A whole bunch of the proofs in this section are done in the same paper and mainly use this problem. So we’ll go out of order here- but really this is a restatement of the QBF problem from a couple of weeks ago.

**The problem: **Sequential Truth Assignment. This is problem GP4 in the appendix.

**The description: **Given a set of variables and a collection of clauses (like a Satisfiability instance), players take turns giving truth assignments to sequential variables. Player 1 wins if and only if all clauses are satisfied. Does player 1 have a forced win?

**Example: **(x_{1} ∨ x_{2} ∨ x_{3}) ∧ (~x_{1} ∨ ~x_{2} ∨ ~x_{3}) ∧ (x_{1} ∨ ~x_{2} ∨ x_{3}).

Player 1 can win by choosing x_{1} = true, which satisfies both the first and third clauses. Then layer 2 has to set x_{2}, so should set it to true (otherwise clause 2 is automatically satisfied)_{.} but player 1 then set x_{3} to false satisfying the second clause.

**Reduction: **The paper by Shaefer that has many of the reductions we’ll be doing in this section refers to the paper by Stockmeyer and Meyer that showed how QBF was NP-Complete (or worse- you might want to check out the comments of the QBF problem for a discussion) defined a formula B_{k} to be a formula on k sets of variables, with sets alternating between “For All” and “There Exists”. Schaefer points out that if you allow players to assign values to these sets of variables (instead of one at a time, like our problem describes), then player 1 is the “There Exists” player and player 2 is the “For All” player, and you have basically the same problem.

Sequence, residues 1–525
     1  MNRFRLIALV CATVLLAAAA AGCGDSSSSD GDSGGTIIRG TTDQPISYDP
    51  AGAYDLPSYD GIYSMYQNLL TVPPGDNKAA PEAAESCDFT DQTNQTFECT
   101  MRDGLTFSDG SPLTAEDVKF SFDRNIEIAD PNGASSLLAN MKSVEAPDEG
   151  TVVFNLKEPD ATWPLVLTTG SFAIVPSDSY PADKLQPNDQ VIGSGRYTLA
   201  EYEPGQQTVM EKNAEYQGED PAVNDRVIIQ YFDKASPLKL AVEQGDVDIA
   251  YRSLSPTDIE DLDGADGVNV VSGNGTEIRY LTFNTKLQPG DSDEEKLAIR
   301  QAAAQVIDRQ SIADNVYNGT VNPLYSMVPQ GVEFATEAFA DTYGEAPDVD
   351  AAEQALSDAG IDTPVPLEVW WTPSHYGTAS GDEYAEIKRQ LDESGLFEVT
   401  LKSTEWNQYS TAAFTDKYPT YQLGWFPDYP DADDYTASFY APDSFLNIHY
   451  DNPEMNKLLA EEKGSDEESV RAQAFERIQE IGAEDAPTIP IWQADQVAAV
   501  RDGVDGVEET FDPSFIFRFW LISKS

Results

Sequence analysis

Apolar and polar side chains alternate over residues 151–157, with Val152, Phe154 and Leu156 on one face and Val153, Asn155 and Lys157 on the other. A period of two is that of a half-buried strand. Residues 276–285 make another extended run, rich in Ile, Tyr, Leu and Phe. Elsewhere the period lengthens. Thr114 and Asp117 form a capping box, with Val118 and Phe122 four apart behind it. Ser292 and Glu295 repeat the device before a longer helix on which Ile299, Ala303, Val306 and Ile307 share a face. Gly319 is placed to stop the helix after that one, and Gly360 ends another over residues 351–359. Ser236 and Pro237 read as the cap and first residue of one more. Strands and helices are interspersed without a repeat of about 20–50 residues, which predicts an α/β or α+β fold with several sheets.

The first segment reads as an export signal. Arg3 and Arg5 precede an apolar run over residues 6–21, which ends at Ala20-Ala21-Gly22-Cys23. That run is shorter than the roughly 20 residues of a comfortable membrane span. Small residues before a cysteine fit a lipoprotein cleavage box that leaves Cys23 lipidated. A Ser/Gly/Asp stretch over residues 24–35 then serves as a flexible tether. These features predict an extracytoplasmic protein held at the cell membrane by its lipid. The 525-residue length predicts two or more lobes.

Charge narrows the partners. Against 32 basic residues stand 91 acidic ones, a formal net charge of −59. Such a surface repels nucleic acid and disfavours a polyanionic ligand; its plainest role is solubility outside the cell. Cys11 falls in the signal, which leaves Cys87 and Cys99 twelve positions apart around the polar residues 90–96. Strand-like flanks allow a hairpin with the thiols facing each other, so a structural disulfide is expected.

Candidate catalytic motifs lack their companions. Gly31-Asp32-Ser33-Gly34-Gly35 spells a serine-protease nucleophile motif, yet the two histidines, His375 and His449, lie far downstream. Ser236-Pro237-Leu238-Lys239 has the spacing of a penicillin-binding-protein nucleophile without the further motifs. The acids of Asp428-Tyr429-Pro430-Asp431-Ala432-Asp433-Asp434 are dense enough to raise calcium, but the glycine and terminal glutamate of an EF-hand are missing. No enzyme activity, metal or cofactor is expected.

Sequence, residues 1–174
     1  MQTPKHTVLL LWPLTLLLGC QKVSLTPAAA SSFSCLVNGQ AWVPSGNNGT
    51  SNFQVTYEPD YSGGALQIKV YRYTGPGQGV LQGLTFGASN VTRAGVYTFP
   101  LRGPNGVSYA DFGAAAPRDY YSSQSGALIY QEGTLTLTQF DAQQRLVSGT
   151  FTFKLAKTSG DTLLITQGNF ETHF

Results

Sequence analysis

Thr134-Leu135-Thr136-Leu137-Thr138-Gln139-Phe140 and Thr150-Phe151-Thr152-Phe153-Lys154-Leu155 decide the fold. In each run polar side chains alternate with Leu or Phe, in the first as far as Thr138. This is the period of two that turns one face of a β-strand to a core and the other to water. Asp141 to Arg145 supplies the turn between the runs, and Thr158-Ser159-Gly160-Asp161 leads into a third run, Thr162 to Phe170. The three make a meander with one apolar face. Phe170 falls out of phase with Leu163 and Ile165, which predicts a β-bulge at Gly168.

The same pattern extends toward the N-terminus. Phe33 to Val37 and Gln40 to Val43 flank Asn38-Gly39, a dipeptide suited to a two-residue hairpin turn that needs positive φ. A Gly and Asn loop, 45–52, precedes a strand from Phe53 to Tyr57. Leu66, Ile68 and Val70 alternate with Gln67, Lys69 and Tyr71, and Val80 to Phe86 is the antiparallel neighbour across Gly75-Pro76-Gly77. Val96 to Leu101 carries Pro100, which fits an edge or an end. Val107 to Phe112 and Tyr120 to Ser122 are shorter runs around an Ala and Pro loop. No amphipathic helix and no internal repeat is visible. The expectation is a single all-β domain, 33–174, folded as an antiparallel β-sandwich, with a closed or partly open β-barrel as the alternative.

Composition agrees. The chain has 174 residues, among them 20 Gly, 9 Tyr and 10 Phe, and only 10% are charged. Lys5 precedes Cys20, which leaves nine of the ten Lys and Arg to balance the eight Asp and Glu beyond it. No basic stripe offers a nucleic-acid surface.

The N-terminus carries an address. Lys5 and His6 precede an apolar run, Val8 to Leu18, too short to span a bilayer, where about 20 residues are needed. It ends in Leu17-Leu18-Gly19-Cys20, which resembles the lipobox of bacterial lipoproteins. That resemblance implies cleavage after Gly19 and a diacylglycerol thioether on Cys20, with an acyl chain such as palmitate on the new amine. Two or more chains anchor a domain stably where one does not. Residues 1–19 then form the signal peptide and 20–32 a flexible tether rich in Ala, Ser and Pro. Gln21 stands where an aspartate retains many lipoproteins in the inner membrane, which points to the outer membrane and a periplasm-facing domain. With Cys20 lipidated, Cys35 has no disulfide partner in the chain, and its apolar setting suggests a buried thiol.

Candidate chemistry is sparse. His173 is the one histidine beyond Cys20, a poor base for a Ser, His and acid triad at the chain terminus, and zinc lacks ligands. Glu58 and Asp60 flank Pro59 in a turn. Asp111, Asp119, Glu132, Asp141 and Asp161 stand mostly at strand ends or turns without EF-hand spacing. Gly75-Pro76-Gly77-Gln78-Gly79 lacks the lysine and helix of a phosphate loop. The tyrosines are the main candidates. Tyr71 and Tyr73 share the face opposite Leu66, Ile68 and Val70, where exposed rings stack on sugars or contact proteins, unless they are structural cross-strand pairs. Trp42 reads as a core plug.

To get to our “one variable at a time” version of the problem, we need to build a problem instance with one variable per set. We can start with an instance of 3SAT and since the variables are set sequentially, we set up the quantifiers to be ∃ x_{1} ∀ x_{2} ∃ x_{3}, and so on.

**Difficulty: **5. I think it depends on how hard you see the intermediate step of going from QBF to the alternating of setting groups of variables. Knowing you have to break the reduction into 2 steps is a bit hard as well.